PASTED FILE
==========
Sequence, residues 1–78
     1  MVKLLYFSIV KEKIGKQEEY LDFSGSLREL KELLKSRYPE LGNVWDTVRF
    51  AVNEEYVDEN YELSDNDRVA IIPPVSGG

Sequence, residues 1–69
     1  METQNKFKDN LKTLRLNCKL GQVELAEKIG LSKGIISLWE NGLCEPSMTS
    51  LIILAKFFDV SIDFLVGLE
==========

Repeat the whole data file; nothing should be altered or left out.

Sequence, residues 1–78
     1  MVKLLYFSIV KEKIGKQEEY LDFSGSLREL KELLKSRYPE LGNVWDTVRF
    51  AVNEEYVDEN YELSDNDRVA IIPPVSGG

Sequence, residues 1–69
     1  METQNKFKDN LKTLRLNCKL GQVELAEKIG LSKGIISLWE NGLCEPSMTS
    51  LIILAKFFDV SIDFLVGLE